fcgj> ~

ta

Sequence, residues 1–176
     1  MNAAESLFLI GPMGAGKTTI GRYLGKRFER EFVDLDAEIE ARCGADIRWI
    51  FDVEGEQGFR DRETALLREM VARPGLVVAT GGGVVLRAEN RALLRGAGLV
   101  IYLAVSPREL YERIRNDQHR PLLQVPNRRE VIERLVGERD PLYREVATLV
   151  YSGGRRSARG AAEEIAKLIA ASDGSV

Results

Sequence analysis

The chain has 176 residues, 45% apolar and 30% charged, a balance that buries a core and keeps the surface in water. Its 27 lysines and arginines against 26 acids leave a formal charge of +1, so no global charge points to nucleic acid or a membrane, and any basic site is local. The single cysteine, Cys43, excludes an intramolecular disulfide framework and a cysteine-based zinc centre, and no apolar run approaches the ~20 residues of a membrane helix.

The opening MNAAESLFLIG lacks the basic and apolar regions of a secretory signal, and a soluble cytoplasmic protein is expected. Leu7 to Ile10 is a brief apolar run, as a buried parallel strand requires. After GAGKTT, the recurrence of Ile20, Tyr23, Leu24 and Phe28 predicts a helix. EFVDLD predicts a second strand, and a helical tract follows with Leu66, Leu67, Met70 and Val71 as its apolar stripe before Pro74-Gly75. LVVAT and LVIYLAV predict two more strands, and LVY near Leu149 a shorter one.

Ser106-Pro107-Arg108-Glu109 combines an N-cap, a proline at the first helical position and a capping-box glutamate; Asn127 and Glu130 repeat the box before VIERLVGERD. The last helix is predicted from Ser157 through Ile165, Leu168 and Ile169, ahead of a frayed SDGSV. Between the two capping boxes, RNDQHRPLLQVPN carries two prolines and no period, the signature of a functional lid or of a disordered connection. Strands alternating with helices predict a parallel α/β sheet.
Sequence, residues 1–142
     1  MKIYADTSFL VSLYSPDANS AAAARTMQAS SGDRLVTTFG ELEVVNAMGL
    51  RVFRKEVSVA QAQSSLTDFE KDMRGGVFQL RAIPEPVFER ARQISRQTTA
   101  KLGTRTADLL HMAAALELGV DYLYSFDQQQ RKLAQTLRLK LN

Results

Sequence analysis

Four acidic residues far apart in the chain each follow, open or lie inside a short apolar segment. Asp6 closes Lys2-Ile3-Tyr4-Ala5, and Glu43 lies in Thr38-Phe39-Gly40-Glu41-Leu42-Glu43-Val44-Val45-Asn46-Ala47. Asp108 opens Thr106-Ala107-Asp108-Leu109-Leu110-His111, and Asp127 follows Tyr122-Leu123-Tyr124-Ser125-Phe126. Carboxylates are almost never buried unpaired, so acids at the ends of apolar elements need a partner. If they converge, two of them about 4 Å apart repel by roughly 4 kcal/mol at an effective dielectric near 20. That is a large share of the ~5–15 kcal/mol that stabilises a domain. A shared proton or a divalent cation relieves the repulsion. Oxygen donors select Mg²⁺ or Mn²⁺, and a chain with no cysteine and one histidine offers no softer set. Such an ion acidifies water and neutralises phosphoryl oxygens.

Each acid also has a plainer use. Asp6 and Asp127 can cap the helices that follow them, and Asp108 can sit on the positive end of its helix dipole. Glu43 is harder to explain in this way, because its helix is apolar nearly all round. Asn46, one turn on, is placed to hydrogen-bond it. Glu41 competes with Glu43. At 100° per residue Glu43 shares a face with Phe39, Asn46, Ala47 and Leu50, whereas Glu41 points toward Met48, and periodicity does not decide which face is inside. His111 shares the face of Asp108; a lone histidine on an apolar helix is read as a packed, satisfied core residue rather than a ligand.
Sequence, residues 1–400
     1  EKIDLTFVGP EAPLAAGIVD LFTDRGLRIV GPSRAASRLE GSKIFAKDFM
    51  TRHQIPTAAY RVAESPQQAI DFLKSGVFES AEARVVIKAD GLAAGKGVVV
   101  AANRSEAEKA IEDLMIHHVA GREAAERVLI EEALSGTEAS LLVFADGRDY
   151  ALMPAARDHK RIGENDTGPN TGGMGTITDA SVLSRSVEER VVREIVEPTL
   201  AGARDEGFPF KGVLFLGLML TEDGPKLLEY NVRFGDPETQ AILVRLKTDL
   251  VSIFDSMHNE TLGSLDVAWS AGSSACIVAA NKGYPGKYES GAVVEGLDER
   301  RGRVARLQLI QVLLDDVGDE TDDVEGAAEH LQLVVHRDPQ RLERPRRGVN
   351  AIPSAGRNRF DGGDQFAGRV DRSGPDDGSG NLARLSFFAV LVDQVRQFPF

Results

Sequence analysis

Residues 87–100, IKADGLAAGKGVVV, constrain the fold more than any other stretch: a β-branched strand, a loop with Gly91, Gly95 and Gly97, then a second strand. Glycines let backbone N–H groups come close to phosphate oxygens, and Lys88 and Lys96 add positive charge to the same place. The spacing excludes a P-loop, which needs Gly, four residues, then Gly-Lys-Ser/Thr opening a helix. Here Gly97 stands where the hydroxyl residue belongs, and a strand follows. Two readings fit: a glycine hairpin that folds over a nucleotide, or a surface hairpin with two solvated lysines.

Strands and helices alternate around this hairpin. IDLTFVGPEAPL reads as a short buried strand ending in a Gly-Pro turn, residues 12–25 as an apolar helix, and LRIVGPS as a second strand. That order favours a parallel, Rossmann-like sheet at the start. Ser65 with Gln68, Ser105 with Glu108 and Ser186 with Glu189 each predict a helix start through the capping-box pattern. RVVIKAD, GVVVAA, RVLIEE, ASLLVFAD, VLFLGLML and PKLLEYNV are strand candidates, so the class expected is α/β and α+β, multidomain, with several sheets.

After many years of planning and two years of construction work the new 140-mile surfaced highway from Mexicali on the California border to the fishing village of San Felipe on the Gulf „ of California is nearly ready for the motorists. On May 1 only 20 miles of black-top surfacing remained to be installed and Governor Gonzales of the Northern District of Baja California promised that the road would be ready for motor travel within 60 days. To accommodate the large numbers of American motorists and fishermen who are expected to visit the gulf fishing port a comfortable hotel has been built at San Felipe, and boats will be available for rental at San Felipe harbor. At the present time there is a span of more than 100 miles of this highway, from El Mayor to San Felipe, where no gasoline or water are available. Additional service will be provided as travel on the new road increases. The Gulf of California is famed for its good fishing. But over the old road it was a gruelling 12-hour motor trip which few drivers cared to face. With completion of the new road it will be an easy 3-hour drive from Mexicali. Tourist permits for going into Mexico may be obtained from any Mexican consul, or from the Mexican immigration service at the CalexicoMexicali border. One of the thousands of elephant trees found growing above the 1200-foot elevation.